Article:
Since its humble beginnings back in 1904 when it was known as the Leed’s Poor Children’s Holiday Camp Association, our charity has provided a respite holiday for 60,000 disadvantaged and socially excluded children from the local area.
Focusing on children between the ages of 7 and 13, the charity has continually campaigned for the unspoken voice of youngsters who suffer abuse or neglect in their daily lives, live in poverty or act as a young carer for a parent or relative.
Up until the end of the 2016 season, Silverdale had always been the destination of choice for the Leeds Children’s Charity, because it perfectly catered for the needs of its guests, with sea air, good food, sunshine and a rest from the pressure of living in a disadvantaged family. Through war, revolution, political unrest and economic breakdown, Leeds Children’s Charity had continued its work in the local area, only having to close temporarily on two occasions, on account of fire in 1919 and the outbreak of foot and mouth in 2002.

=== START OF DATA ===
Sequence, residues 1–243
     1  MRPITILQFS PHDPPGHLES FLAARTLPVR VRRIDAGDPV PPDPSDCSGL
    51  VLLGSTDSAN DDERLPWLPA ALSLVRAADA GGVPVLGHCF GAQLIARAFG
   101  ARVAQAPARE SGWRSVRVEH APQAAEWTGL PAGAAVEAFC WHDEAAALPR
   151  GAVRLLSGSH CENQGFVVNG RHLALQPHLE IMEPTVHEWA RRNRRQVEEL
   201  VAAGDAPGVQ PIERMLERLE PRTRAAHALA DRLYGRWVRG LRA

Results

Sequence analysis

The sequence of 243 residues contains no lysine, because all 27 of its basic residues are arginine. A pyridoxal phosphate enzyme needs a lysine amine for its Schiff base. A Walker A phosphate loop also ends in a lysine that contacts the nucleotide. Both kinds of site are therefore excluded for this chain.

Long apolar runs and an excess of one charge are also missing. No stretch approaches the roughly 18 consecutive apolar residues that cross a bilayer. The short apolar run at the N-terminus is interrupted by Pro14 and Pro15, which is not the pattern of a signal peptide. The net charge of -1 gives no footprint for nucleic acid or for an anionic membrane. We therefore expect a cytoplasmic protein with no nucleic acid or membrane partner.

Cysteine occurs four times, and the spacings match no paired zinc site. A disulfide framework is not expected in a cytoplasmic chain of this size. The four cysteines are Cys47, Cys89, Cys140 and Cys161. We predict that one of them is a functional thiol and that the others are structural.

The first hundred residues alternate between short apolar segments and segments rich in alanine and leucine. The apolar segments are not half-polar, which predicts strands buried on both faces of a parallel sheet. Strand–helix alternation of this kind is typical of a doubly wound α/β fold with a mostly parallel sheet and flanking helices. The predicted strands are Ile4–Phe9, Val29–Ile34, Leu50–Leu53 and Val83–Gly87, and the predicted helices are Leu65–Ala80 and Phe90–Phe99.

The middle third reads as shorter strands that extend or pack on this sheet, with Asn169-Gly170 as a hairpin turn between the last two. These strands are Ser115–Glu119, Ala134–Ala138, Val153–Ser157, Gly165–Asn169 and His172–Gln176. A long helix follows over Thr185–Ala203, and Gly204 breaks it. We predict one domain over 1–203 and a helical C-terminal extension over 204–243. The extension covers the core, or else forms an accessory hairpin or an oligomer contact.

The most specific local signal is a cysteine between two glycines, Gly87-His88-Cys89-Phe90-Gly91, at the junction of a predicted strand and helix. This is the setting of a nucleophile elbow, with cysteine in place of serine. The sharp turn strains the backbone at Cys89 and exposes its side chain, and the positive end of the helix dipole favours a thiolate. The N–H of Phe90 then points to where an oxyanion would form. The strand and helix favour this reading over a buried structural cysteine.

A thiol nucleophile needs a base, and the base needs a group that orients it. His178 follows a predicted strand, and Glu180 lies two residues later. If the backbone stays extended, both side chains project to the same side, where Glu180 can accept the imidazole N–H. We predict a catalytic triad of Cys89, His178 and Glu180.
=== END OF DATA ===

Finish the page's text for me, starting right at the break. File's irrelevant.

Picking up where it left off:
In 2016 the Trustees of the charity took the difficult decision to sell its Silverdale site, in the face of growing overhead costs and funding uncertainty, to guarantee the long term future of the charity and to enhance the delivery of service whilst still supporting the young people of Leeds. For the 2017 season Leeds Children’s Charity has teamed up with Lineham Farm and other locations to continue to roll out a wider variety of respite breaks.
The Lady Mayoress of Leeds
In 1904, Helen Currer Briggs, the Lady Mayoress of Leeds paved the way to providing free holidays for young children whose family income was less than a single pound. Since then it has been the right of every new Lady Mayoress to become the president of the charity.
An ex-Silverdaler herself, Frances McNeil went on to write a fascinating and insightful book entitled ‘Now I am a Swimmer’, which gives a detailed historical account of the first 100 years of the charity. Please click here for more details.